Where is home? For Debbie and Michael Campbell, the answer is everywhere—at least for now, almost five years into their odyssey as self-described “senior nomads.”
These full-time travelers are seeing the world for roughly the same money they’d spend on a frugal retirement in Seattle, where they lived most of their lives. “We’re not on vacation,” says Michael. “We’re just living our lives a week or two weeks at a time in other people’s homes.”
This has been going on since July 2013, shortly after the Campbells’ daughter Mary (who lives in France) spied her parents’ bucket-list of dream destinations and asked whether they’d heard of the home rental website Airbnb. They hadn’t, yet they were intrigued by the idea of staying in people’s homes and living like locals.
But was it feasible? Once Michael crunched the numbers with the help of their financial planner, the couple decided it was and they set off for six months in Europe. The Campbells enjoyed their travels so much that they eventually wound up selling their Lower Queen Anne home, which they’d rented out the first two years they were gone. “You have to be willing to let go of stuff,” says Debbie.
The Campbells look for homestays that cost about $90 a night—less in some cities, more in others. A kitchen is a must, since they save money by buying groceries and cooking their own meals. They also economize by taking public transportation and by shopping for travel bargains—easier to do when your plans are flexible.
Before long, their adventures caught the attention of executives at Airbnb, who began championing their quest. In fact, inspired in part by the Robert DeNiro movie The Intern, Debbie and Michael recently spent 10 weeks as “senior interns” at Airbnb’s San Francisco headquarters. They’ve also published a book about their experiences (Your Keys, Our Home), and maintain a website listing all their travels (seniornomads.com), plus an active social media presence.
In their professional lives, Michael was an events promoter and Debbie owned a design and marketing business—skills that have served them well in their long-term travels. “I look for what we’re going to do, what we’re going to eat, what we’re going to see and Michael gets us there and keeps us on budget,” Debbie says.
The most important thing, they agree, is that they enjoy each other’s company, even after 40 years together. “We’re both rowing the boat in the same direction,” Debbie says. “We both wanted to do this, so the planning becomes fun.” And though the Campbells do take in some sights at their destinations, they spend much of their time as they would if they were back in Seattle: reading, watching TV, playing Scrabble, doing laundry, and just hanging out.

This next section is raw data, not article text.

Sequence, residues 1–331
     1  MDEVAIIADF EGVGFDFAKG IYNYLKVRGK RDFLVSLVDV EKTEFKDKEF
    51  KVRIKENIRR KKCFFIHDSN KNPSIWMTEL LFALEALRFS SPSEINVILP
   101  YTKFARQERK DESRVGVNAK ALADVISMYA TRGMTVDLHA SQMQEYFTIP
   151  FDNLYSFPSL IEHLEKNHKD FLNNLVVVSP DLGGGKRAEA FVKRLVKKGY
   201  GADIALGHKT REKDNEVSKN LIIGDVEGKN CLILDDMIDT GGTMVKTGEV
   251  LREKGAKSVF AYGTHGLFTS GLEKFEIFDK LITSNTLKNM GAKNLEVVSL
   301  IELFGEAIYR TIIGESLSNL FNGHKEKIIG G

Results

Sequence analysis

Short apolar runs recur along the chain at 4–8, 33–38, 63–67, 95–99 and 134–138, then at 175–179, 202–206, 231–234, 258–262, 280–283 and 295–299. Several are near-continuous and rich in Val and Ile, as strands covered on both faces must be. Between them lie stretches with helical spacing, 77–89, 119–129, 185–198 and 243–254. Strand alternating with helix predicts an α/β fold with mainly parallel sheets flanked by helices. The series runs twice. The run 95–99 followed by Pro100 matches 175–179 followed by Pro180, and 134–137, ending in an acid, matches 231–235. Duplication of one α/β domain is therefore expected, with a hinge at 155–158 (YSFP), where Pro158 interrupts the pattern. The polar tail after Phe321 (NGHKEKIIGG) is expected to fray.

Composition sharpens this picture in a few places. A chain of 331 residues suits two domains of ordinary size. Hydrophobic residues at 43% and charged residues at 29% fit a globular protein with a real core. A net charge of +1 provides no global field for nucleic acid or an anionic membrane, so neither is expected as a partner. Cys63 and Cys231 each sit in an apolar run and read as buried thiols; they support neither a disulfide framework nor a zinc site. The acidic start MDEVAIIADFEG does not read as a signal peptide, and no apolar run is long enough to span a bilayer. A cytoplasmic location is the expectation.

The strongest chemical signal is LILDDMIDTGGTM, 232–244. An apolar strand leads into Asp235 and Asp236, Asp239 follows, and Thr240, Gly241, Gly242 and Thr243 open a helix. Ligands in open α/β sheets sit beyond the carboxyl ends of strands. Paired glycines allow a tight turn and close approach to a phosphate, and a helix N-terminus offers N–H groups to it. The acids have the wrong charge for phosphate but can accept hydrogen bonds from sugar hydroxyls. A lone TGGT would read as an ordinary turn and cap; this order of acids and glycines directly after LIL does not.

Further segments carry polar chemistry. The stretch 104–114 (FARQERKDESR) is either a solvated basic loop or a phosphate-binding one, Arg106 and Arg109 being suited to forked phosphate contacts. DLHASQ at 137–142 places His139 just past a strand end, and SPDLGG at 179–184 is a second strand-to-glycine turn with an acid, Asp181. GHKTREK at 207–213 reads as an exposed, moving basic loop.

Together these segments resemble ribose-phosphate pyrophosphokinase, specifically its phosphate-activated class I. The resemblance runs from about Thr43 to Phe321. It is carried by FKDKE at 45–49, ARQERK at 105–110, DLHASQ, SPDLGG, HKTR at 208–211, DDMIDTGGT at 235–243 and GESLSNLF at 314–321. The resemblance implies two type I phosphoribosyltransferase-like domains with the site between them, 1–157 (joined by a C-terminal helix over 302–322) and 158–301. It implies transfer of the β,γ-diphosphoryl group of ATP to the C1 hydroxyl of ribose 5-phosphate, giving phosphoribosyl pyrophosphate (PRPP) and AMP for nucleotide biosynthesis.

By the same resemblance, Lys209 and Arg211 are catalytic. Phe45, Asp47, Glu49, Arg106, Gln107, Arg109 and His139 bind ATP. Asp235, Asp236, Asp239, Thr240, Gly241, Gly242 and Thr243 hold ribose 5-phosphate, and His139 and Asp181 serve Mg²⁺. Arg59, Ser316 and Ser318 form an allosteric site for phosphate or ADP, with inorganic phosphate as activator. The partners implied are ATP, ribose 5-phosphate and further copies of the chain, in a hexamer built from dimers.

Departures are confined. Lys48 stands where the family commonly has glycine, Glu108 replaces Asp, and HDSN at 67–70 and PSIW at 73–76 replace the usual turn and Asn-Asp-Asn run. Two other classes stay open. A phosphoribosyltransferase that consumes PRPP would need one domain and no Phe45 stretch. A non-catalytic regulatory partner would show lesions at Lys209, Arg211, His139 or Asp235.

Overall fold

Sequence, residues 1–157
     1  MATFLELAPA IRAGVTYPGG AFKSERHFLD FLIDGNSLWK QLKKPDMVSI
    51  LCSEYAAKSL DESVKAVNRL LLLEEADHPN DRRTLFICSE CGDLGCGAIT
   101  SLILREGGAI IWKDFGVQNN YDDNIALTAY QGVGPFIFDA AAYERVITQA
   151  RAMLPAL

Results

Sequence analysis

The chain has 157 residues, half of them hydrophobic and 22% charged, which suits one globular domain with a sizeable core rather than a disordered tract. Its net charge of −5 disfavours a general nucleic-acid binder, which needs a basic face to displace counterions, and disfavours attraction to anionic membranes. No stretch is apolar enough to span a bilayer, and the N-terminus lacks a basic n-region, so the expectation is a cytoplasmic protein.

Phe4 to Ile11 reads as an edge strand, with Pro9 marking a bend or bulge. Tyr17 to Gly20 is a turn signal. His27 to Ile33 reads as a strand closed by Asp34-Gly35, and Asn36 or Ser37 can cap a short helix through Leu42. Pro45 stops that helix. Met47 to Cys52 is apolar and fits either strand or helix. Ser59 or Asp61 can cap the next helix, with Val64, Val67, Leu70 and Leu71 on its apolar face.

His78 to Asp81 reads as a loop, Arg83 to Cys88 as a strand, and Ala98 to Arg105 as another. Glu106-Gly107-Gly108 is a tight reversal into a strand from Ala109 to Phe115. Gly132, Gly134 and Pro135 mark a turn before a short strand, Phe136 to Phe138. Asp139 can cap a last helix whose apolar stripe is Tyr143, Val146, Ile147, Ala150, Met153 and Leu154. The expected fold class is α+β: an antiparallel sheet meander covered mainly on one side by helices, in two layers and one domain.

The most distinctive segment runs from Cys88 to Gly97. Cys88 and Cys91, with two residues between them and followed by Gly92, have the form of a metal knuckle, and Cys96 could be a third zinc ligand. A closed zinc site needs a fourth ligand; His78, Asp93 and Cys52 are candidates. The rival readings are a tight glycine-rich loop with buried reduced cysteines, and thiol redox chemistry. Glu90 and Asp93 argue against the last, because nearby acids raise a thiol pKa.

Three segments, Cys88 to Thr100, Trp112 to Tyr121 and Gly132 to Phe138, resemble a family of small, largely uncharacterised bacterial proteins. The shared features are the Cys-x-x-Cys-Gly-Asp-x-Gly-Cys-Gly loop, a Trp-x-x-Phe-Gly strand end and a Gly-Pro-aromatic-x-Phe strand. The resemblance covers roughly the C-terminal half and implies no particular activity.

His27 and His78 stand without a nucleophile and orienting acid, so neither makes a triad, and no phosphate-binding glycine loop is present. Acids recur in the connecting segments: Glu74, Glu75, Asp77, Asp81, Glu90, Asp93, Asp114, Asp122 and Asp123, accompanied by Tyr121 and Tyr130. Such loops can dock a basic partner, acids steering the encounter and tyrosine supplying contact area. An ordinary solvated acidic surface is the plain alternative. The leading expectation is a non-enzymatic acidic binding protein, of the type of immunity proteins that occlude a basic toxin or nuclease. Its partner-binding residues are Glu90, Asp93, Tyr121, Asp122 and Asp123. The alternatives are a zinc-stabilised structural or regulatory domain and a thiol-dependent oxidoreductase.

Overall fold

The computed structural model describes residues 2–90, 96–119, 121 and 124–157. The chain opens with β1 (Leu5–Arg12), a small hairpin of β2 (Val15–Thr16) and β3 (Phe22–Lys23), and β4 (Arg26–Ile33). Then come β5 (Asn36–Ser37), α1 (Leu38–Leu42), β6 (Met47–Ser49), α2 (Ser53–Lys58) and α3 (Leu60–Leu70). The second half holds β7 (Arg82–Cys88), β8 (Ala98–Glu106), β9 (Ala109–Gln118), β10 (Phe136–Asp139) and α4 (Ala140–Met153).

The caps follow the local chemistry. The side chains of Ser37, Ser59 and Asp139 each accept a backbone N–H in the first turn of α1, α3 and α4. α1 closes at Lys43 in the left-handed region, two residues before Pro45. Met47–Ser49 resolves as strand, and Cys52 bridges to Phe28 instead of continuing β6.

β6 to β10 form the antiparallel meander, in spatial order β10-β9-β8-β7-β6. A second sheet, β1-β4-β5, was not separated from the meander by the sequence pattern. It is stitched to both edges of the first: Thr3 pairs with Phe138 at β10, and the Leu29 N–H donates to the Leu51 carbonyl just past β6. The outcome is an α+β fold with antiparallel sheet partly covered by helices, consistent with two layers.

The Campbells say travel has become even more important since they began. “We have to double down on our diplomacy and be the kinder, gentler American out there,” says Debbie. Adds Michael, “Now’s the time to travel,” without fear and in a humble manner, eager to learn about other cultures and people.
“Travel is transformational. It’s growth,” says Michael. “We’re lifelong learners, we’re curious. It’s invigorating—I’m 72, so I’m older—and I’m thankful to be given this opportunity.”
By the time you’re reading this, the Campbells will be in Australia—or maybe Japan or China. Their Airbnb internship ended just before Thanksgiving, and they planned to spend the holidays housesitting for friends in Seattle (where two of their four children still live), then seeing their daughter and her family in France. But after that, they weren’t sure, and that’s OK; they rarely plot their travels more than a month or so ahead of time.
The Campbells’ journeys have given them wide geographical perspective and an expansive view of what it means to get older. “One of the real pleasures of what we’ve done is we’re meeting new people all the time,” Michael says. “We have more friends than when we left and that’s really a good feeling.”
The Campbells say their Airbnb internship was energizing, and neither rules out going back to work, nor do they discount the possibility that they’ll someday settle down in one place. But for now, they say they’ll keep circling the globe—and finding home wherever they are.
Julie Fanselow is an Airbnb user and host who travels every chance she gets. She writes about Seattle and other destinations for the new travel-planning website BinduTrips.com, and she is the copy editor for 3rd Act Magazine.
After nearly five years and 70 countries, the Campbells have perfected the art of traveling and living light. Among their tips:
- One suitcase per person is all you need—and Debbie and Michael even manage to include their own feather pillows in their large roller bags. (They do still have a storage unit in Seattle where they can refresh their wardrobes when they’re back in town.)
- Debbie is often asked whether she’d do this on her own. She says she would—and that home-sharing is ideal for older single travelers since you’ll have a local host who expects you and is concerned for your safety.
- If you do travel with a partner, allow time to pursue independent interests. Michael likes to find the local soccer games, while Debbie has taken classes in cooking and painting.
- The Campbells say extended homestays are a good way to scout out possible retirement locations, too, apt to give you a more realistic view of what a city or neighborhood is like than spending a few nights in a hotel.